6. Tank up your baby during the day. Babies need to learn that daytime is for eating and nighttime is mostly for sleeping. Some older babies and toddlers are so busy playing during the day that they forget to eat and make up for it during the night by waking frequently to feed. To reverse this habit, feed your baby at least every three hours during the day to cluster the baby's feedings during the waking hours. Upon baby's first night waking, attempt a full feeding, otherwise some babies, especially breastfed infants, get in the habit of nibbling all night.
  7. Daytime mellowing. A peaceful daytime is likely to lead to a restful night. The more attached you are to your baby during the day and the more baby is held and calmed during the day, the more likely this peacefulness is to carry through into the night. If your baby has a restless night, take inventory of unsettling circumstances that may occur during the day: Are you too busy? Are the daycare and the daycare provider the right match for your baby? Does your baby spend a lot of time being held and in-arms by a nurturing caregiver, or is he more of a "crib baby" during the day?Has your child been in close proximity to you during the day?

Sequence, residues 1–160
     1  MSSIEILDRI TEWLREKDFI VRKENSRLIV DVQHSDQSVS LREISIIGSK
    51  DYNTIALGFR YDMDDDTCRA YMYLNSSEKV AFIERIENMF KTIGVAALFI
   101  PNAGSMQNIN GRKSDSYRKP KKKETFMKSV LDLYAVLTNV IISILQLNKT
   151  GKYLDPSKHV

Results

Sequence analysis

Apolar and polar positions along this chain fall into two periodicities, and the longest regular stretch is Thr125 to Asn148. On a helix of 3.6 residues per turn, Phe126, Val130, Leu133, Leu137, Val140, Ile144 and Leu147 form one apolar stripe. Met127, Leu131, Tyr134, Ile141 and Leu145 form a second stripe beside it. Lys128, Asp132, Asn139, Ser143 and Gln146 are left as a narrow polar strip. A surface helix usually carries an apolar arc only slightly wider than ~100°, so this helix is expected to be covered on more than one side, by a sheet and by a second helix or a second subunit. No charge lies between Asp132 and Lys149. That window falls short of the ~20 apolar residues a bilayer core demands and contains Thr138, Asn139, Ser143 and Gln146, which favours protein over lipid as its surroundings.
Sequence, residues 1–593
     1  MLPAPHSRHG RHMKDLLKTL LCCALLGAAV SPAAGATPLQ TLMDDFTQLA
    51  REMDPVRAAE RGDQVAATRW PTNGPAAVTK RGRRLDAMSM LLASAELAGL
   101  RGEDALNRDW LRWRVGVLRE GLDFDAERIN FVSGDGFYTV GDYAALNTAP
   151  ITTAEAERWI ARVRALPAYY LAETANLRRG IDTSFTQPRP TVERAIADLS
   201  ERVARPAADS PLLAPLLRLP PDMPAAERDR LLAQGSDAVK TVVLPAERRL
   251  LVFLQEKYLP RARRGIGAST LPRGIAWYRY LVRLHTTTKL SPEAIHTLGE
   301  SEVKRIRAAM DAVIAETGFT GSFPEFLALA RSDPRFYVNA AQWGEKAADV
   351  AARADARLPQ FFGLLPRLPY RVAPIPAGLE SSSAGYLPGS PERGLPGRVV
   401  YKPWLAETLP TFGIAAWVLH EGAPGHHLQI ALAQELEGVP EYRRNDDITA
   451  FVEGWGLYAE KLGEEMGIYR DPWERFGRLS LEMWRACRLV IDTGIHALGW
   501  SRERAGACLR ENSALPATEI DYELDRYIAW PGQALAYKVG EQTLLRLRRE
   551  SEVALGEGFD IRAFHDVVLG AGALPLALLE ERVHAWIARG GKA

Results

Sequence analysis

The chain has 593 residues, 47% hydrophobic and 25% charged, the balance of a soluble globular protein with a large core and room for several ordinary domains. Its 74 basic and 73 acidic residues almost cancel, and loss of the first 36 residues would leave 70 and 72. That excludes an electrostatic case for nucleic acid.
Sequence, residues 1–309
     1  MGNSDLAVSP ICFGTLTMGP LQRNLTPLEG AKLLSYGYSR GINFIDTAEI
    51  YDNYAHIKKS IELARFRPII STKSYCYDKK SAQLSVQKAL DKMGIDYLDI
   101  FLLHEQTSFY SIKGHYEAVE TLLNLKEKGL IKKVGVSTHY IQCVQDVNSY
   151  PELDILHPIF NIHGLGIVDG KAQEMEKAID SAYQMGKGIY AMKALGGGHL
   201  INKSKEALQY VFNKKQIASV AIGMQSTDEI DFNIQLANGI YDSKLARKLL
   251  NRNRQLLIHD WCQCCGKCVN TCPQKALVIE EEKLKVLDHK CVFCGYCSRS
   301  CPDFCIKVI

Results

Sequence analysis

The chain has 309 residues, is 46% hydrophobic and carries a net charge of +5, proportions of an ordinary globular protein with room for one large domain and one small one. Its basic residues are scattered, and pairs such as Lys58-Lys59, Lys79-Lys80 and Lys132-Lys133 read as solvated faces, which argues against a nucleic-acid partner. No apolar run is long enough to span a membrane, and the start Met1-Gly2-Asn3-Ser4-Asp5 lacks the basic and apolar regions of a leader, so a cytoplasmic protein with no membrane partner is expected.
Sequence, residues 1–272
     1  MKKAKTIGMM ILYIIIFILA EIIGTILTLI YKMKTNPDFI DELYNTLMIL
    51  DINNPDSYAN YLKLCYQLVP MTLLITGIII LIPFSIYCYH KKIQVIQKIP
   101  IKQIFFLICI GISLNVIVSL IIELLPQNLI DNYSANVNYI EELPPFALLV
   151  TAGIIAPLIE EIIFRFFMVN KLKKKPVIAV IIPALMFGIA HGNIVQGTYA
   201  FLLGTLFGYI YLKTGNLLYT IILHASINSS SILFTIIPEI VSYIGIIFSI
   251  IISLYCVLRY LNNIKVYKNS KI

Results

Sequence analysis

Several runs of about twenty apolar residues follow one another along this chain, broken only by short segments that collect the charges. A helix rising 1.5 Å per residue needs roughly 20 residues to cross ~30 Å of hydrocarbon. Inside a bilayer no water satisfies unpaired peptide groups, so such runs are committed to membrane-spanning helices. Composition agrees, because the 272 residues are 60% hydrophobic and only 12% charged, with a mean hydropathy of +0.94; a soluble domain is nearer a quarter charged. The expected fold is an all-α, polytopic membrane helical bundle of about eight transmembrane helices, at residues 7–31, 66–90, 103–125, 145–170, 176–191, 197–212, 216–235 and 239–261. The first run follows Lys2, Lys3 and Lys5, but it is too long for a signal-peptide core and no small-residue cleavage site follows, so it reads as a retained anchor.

Copyright 2004. UAB / International Adoption Clinic. All rights reserved. No part of this work may be reproduced in any form without the prior written permission of the UAB / International Adoption Clinic.